Japan can’t ignore comfort women

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Japan can’t ignore comfort women


On May 28 at the Japanese House of Representatives’ Budget Committee meeting, Representative Hiroshi Yamada, photographed above, once again started an absurd argument. Yamada is a member of the Japan Restoration Party, which has continuously undermined the Kono Statement.

Yamada said during the meeting, “A memorial monument for comfort women is to be dedicated in Fairfax, Virginia, near Washington D.C. It contains a claim that 200,000 Asian girls were forced into sex slavery. What has the foreign ministry done about this?”

Foreign minister Fumio Kishida added: “It does not correspond with the position of the Japanese government. The 1965 Korea-Japan treaty concluded the compensation issue. The documents discovered by the government do not contain direct indication of forced mobilization.”

Yamada said, “The incorrect claims should be rooted out. The root is the Kono Statement. It has spread lies around the world. Opinion polls show that many respondents want the Kono Statement to be revised.”

Prime Minister Shinzo Abe said, “I am aware of the survey. Politicians need to be humble in front of history. History should be left to the historians and specialists.”

Yamada continued, “I do not understand the government’s position to verify the Kono Statement but not revise it. I am asking on behalf of the citizens, so the findings should be reported to the Diet.”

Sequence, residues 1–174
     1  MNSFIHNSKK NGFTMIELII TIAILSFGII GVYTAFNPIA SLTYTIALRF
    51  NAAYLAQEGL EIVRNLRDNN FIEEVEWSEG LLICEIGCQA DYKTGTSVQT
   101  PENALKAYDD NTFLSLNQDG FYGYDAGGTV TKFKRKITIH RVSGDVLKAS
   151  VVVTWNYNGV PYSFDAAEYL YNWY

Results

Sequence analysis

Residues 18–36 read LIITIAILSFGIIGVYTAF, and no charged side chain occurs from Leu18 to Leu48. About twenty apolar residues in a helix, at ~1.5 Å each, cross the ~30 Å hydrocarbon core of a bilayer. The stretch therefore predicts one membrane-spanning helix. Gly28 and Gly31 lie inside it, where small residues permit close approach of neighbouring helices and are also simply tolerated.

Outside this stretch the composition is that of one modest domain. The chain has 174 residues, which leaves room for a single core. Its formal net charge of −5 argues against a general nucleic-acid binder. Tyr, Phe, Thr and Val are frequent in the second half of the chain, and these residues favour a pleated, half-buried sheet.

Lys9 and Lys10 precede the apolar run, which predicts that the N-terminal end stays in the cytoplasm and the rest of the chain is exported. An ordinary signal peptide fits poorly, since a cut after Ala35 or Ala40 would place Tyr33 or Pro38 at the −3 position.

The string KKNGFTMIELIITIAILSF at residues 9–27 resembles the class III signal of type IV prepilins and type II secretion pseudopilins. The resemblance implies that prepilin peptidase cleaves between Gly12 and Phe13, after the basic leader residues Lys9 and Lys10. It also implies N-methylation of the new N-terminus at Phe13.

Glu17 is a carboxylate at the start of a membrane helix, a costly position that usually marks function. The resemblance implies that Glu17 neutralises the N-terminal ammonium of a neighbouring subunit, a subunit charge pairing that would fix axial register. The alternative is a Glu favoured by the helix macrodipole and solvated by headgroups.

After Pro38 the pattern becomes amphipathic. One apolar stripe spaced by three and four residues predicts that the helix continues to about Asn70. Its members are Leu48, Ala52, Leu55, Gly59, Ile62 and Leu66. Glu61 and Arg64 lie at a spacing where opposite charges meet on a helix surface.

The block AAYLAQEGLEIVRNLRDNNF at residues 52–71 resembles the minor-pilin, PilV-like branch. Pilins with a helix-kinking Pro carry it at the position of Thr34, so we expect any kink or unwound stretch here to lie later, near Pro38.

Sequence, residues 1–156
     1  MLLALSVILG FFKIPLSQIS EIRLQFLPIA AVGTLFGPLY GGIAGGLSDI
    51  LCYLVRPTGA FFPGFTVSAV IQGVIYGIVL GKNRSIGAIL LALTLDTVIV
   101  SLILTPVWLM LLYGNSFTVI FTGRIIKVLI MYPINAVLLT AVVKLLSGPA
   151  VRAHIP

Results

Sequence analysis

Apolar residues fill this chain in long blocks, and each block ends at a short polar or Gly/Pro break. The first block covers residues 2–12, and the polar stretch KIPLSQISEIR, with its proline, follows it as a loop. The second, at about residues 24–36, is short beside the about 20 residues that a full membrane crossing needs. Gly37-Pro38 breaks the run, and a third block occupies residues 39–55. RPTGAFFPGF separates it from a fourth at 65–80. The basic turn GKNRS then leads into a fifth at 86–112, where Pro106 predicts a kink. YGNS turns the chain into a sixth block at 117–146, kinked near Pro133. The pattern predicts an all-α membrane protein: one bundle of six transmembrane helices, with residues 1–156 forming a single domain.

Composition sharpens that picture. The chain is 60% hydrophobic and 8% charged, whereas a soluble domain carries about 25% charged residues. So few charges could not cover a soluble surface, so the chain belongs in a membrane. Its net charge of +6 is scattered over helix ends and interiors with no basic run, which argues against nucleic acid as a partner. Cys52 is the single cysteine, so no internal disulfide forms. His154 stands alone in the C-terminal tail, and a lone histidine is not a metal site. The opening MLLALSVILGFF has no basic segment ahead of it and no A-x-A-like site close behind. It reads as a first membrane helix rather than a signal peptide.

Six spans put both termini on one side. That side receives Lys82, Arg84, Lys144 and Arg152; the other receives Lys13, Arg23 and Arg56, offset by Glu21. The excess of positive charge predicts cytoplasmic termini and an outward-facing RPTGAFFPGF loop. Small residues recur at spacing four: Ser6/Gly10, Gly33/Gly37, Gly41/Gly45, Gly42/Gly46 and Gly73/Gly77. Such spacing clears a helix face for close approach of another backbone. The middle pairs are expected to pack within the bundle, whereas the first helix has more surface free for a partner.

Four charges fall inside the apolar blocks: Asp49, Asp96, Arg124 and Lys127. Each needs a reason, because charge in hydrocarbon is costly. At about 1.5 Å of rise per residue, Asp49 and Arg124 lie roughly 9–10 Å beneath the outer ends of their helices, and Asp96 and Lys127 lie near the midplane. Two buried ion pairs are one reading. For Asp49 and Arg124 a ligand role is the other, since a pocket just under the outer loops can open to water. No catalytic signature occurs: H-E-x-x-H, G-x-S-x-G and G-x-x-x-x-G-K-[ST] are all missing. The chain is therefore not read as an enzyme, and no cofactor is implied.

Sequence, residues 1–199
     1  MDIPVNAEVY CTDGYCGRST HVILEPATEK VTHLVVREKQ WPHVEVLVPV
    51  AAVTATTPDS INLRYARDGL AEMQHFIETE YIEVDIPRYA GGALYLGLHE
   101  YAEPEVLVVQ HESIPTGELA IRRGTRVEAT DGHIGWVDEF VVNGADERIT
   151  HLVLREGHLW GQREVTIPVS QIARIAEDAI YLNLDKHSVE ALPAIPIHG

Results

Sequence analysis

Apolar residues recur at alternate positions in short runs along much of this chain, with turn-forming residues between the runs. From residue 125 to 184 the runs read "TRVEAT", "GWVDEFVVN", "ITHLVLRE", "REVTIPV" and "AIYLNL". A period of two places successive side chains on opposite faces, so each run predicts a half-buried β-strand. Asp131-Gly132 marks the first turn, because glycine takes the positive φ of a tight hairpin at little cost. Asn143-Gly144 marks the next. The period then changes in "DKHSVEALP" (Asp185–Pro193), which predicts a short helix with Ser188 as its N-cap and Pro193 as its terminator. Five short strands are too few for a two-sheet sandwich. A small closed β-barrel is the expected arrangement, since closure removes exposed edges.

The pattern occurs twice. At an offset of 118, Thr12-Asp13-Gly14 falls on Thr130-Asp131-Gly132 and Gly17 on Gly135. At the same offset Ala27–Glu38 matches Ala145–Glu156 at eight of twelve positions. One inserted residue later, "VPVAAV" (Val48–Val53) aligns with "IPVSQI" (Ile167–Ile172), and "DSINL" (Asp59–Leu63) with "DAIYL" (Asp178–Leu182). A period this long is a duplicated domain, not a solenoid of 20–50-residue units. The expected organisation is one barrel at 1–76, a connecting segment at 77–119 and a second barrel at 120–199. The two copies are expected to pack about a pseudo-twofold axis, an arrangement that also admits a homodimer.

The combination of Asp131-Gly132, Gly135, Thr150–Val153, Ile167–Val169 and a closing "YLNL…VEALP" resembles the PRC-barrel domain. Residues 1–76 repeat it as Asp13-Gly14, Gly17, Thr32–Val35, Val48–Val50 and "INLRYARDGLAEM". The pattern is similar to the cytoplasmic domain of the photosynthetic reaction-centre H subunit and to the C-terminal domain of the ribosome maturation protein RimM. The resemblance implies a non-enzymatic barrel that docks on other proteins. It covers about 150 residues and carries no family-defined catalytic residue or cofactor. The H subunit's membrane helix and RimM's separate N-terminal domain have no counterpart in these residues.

It is pathetic to hear the conversation among the rightist representative who recklessly attacks the Kono Statement, the foreign minister who repeats the claim that the comfort women issue is over, and the prime minister who hides his true intentions and pretends to be neutral. It is another unfavorable variable in the Korea-Japan relationship.

On May 29, a day later, the Japanese government made a great fuss. A cabinet meeting was called suddenly and Abe spoke to reporters. He announced the agreement between North Korea and Japan to reinvestigate victims of abduction. Abe solemnly declared, “Until the day when the families of all abductees embrace their children, our mission is not complete.” Japan argues that the abduction issue is a time-sensitive humanitarian task since most of the families of the victims are old.

However, the abduction issue is not the only struggle against time. The 50 surviving former comfort women victims are also growing old, and their fight against Japan is also time sensitive. If Japan neglects the comfort women issue, it is virtually admitting its lack of sincerity.

*The author is a Tokyo correspondent of the JoongAng Ilbo


JoongAng Ilbo, June 3, Page 30
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